20th-Century US Foundations
Fellowship Opportunity and Course
The Center on Philanthropy and Civil Society at the CUNY Graduate Center is offering up to eight $1,250 fellowships for participants in “Twentieth-Century American Foundations,” a history course in spring 2024 developed in collaboration with the Rockefeller Archive Center. The course is designed to teach students interested in public history and applied history to do historically-based program reviews for institutional decision making, with a focus on grantmaking foundations. It is also for students who are interested in learning about foundations and the wide variety of causes and initiatives that they fund.
Both doctoral and M.A. students are eligible to apply.
The Rebellion of the Everyday: Generous Women Changing Latin America
La rebelión de lo cotidiano. Mujeres generosas que cambian América Latina [The Rebellion of the Everyday. Generous Women Changing Latin America] by Florencia Roitstein and Andrés A. Thompson, addresses how philanthropy is manifested in Latin America, where local women activists are redefining the contours of social transformation and political activism.
About the book:
This book chronicles the stories of 23 grassroots activists nominated for the GENEROSAS award (instituted by ELLAS- Women and Philanthropy. These women, including award winners Lucinda Mamani Choque (Bolivia), Sonnia Estela España Quiñonez (Guayaquil, Ecuador) and Rosa Vilches Valencia (Chile), have been at the forefront of leading social change within their communities. Through their narratives, the authors illustrate how philanthropy and generosity are deployed by women at the grassroots level to transform the lives of women in Latin America. They uplift stories of courage and resilience amidst a deeply fragmented political struggle involving drug dealers, human traffickers, patriarchal structures, corrupted security forces and suspected politicians. At its core, La rebellion celebrates the lives and generosity of these women philanthropists, who are redefining what it means “to give” in Latin America. Read more about the book here.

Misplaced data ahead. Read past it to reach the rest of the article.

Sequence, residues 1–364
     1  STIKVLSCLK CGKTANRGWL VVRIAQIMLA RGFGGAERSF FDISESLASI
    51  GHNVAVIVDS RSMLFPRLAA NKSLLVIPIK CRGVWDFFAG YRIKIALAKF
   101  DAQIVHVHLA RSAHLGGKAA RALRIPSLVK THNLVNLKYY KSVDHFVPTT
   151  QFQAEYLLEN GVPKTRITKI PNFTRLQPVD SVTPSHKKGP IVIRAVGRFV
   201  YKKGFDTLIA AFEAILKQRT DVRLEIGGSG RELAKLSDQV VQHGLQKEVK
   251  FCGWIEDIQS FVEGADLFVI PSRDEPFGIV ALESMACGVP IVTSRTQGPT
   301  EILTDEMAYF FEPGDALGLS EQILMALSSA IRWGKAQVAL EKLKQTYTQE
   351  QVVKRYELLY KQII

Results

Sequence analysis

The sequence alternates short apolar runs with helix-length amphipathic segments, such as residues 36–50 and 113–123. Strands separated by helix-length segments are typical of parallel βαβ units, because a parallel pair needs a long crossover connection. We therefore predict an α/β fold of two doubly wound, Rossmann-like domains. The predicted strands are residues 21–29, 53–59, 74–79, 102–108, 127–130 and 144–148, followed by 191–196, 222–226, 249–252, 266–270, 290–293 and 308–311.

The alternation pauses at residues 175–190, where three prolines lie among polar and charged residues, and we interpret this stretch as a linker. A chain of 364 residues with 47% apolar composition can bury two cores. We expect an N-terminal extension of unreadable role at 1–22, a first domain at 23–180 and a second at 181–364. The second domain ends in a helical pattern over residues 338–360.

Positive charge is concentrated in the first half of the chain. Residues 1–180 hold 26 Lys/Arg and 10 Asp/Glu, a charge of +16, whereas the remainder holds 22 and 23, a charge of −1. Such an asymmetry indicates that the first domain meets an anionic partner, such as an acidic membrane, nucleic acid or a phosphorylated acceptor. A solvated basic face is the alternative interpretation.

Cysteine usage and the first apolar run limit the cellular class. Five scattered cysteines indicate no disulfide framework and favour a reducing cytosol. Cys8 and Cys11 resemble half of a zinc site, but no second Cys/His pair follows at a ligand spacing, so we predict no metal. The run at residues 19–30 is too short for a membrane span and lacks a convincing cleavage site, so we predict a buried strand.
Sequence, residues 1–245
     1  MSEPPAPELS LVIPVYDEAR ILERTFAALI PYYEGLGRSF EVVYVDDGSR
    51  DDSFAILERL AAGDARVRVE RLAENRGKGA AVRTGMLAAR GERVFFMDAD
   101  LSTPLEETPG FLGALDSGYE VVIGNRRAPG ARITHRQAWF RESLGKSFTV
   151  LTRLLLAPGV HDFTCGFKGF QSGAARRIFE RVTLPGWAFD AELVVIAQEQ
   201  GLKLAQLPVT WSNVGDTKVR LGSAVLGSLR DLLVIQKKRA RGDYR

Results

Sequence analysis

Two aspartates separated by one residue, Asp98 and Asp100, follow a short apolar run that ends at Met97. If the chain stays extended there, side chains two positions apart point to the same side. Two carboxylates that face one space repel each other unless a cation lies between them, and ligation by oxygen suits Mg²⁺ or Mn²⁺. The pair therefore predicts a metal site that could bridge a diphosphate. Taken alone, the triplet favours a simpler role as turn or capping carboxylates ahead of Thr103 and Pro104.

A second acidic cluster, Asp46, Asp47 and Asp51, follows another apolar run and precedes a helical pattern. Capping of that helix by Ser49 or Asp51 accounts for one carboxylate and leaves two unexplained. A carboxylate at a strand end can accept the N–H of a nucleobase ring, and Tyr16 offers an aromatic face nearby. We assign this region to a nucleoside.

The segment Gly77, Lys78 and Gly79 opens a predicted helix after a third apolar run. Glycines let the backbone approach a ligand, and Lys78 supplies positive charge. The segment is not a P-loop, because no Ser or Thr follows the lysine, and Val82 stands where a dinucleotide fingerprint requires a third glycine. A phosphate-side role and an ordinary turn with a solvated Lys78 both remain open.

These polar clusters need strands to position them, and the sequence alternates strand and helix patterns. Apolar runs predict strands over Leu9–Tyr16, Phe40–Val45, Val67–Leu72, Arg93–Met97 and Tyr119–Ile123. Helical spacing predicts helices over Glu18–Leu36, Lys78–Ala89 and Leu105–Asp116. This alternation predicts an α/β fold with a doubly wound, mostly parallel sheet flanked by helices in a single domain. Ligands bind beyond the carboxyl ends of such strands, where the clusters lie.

About the authors:
The authors work co-founded the action programme – ELLAS – Women and Philanthropy at CEDES (Centro de Estudios de Estado y Sociedad), Argentina – to promote the engagement of women in philanthropy in Latin America. Both are alumni of the International Fellows Program at the Center on Philanthropy and Civil Society, The Graduate Center, CUNY.
Andrés A. Thompson has worked in the global development and social change field for 35 years. Based in Uruguay, he worked for 16 years as Program Director at the W.K. Kellogg Foundation managing philanthropy and volunteerism, racial equality, and youth development in Latin America and the Caribbean. He also served as head of the Brazil office of StreetFootballWorld, a nonprofit organization that uses football as a tool for development. He currently is Coordinator at Program ELLAS. As a consultant, he worked for UNICEF-Argentina, the Latin American Council of Social Sciences, and various nonprofit organizations in Argentina and Latin America.